Western Slope blood supply flows through St. Mary’s Regional Center
Blood is usually in short supply during the winter because of holidays, travel schedules, inclement weather and illness.
January, in particular, is a tough month for blood centers to find people willing to donate, said Jill Breman, donor recruiter at St. Mary’s Regional Blood Center, 750 Wellington Ave.
That’s why January has been declared National Blood Donor Awareness Month.
“People think of donating when there’s an accident or emergency, but all communities need blood donors all the time,” Breman said. “We need a constant supply to be sure we’re ready when it’s needed.”
Unfortunately, only 5 percent of Americans who are able to give blood actually do give blood, she said.
Organ transplant recipients, accident victims and people with cancer and other diseases across the U.S. need about 39,000 units of blood every day, according to the Association of Donor Recruitment Professionals.
Local demand for the vital fluid can be especially high.
Because St. Mary’s Hospital and Regional Medical Center is the only Level II Trauma Center on the Western Slope, patients with the most serious injuries from across the region are brought here.
Individuals with serious injuries from a major automobile accident can require 50 pints of blood or more, according to the American Red Cross.
Seriously burned patients can require 20 units or more.
To keep up with demand, St. Mary’s Blood Center collects, stores and distributes about 15,000 units a year, Breman said.
Blood products are currently in good supply thanks to donors like Lonnie Shenold of Eckert, who has given 35 gallons and is the center’s No. 1 donor, she said.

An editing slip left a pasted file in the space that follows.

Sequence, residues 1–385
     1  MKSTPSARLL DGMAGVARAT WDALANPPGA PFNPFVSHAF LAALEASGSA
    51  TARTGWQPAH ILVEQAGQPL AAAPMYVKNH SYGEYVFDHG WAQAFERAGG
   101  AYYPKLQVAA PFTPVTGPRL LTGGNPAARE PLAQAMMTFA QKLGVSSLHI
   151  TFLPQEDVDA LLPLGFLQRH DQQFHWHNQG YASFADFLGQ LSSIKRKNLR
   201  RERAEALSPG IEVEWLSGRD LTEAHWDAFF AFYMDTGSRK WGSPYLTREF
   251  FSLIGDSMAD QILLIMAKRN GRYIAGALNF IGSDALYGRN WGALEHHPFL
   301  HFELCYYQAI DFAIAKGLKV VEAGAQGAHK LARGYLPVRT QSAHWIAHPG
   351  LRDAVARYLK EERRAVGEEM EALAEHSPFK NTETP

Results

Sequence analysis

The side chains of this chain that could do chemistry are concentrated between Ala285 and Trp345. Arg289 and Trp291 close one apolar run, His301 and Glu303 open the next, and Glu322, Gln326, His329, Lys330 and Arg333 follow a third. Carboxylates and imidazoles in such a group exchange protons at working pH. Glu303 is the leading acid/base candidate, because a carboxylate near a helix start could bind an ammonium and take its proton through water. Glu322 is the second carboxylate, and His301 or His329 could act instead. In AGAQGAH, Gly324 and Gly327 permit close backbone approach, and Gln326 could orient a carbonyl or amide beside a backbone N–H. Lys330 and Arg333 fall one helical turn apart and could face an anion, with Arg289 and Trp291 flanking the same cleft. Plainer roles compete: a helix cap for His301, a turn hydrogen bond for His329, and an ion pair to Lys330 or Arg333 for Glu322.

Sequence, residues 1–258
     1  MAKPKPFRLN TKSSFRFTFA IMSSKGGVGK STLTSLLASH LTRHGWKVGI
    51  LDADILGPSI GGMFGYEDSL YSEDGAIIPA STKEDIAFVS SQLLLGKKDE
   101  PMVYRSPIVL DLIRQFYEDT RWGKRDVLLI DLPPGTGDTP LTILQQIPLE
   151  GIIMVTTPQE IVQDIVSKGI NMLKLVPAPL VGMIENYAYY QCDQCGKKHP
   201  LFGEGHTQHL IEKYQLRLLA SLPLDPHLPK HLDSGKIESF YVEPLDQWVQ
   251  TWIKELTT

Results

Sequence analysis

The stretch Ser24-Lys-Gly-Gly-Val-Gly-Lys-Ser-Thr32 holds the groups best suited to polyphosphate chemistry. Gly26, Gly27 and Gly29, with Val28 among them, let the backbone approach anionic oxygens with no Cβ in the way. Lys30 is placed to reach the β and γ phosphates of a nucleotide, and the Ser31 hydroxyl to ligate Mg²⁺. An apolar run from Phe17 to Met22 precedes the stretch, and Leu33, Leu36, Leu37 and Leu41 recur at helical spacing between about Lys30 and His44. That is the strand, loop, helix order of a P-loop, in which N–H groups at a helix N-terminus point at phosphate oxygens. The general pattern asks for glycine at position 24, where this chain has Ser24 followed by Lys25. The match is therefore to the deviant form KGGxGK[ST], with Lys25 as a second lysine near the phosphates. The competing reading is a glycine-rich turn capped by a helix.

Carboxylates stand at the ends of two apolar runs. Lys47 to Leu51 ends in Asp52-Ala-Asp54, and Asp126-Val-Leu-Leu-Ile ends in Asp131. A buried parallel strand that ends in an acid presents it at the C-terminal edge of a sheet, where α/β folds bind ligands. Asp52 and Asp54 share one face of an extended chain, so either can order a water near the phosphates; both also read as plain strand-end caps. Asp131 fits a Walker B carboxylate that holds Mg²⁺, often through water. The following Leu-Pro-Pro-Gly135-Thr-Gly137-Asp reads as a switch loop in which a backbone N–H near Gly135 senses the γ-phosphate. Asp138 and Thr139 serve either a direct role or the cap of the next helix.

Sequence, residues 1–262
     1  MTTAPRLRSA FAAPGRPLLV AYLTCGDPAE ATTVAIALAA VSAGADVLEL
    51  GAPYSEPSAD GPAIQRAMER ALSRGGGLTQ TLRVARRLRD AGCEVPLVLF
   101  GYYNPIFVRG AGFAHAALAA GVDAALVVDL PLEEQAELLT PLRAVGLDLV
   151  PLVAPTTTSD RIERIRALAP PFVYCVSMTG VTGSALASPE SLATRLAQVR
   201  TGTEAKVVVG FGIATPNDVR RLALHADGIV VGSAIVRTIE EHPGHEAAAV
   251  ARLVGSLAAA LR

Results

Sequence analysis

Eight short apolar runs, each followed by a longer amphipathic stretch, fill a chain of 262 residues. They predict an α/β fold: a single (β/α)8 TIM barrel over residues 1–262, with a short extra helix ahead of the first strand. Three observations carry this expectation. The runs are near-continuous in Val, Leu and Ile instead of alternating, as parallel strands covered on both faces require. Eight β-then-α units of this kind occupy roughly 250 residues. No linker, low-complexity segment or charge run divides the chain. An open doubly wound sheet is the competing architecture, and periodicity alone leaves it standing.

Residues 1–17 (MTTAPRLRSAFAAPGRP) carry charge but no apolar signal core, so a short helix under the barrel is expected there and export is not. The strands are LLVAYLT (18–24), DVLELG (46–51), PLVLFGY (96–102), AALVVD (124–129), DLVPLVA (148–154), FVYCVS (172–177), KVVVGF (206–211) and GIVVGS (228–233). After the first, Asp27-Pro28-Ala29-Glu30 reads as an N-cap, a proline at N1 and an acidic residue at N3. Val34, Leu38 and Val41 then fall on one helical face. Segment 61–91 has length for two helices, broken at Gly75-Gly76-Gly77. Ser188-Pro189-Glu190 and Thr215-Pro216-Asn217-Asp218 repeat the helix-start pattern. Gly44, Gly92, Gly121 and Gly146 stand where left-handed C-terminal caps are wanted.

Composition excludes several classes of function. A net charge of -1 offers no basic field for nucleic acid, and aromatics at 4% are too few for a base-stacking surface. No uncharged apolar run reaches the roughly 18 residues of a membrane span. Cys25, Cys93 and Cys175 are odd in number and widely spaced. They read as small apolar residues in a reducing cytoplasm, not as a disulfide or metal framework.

Blood from St. Mary’s Regional Blood Center helps people across western Colorado and eastern Utah. In addition to serving St. Mary’s trauma, surgical and cancer patients, the center provides the blood needed at most of the region’s smaller hospitals, she said.
Healthy bone marrow makes a constant supply of red cells, plasma and platelets. The body will replenish the elements given during a blood donation — some in a matter of hours and others in a matter of weeks.
Donors can give either whole blood or specific blood components only. The process of donating specific blood components — red cells, plasma or platelets — is called apheresis, Breman said.
Typically, two or three of these are produced from a pint of donated whole blood. In that way, each donation of a single pint can help save up to four lives, she said.
Donated red blood cells must be used within 42 days of collection, platelets within five days and plasma can be frozen for up to one year, but the limited shelf life of the red stuff means supplies must be continuously replenished, Breman said.
First-time and regular donors are encouraged to make a difference by giving blood every January, and regularly thereafter, she said.
The whole process takes 45 minutes or less.
“When you come in to donate, you will complete a short, confidential health information questionnaire,” Breman said.
Donors must be 18 or older — 16 or 17 with parents’ permission. They must be in good health and weigh at least 112 pounds clothed. Donors cannot have given blood in the past eight weeks.
A center employee will take blood pressure, pulse and temperature. Hemoglobin, or red blood cell count, will be measured from a small blood sample, Breman said.
One of the biggest reasons people cite for declining to donate is pain from the needle used to draw blood, she said.
“I understand. I was afraid to donate, too, but when I finally did, I found out how simple and easy it actually is,” she said.
“It’s safe. It’s fast. It’s the easiest way we know to actually save a life.”